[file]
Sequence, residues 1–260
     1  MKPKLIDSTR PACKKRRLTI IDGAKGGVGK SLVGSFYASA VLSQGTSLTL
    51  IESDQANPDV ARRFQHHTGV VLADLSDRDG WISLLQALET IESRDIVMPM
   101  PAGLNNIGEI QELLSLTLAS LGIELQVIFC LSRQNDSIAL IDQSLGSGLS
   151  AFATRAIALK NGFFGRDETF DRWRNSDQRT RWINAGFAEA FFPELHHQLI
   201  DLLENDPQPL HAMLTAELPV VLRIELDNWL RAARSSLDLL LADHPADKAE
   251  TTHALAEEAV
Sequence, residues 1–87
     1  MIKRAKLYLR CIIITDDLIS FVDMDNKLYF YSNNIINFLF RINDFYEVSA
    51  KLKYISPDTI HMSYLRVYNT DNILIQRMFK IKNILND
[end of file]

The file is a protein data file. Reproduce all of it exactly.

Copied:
Sequence, residues 1–260
     1  MKPKLIDSTR PACKKRRLTI IDGAKGGVGK SLVGSFYASA VLSQGTSLTL
    51  IESDQANPDV ARRFQHHTGV VLADLSDRDG WISLLQALET IESRDIVMPM
   101  PAGLNNIGEI QELLSLTLAS LGIELQVIFC LSRQNDSIAL IDQSLGSGLS
   151  AFATRAIALK NGFFGRDETF DRWRNSDQRT RWINAGFAEA FFPELHHQLI
   201  DLLENDPQPL HAMLTAELPV VLRIELDNWL RAARSSLDLL LADHPADKAE
   251  TTHALAEEAV
Sequence, residues 1–87
     1  MIKRAKLYLR CIIITDDLIS FVDMDNKLYF YSNNIINFLF RINDFYEVSA
    51  KLKYISPDTI HMSYLRVYNT DNILIQRMFK IKNILND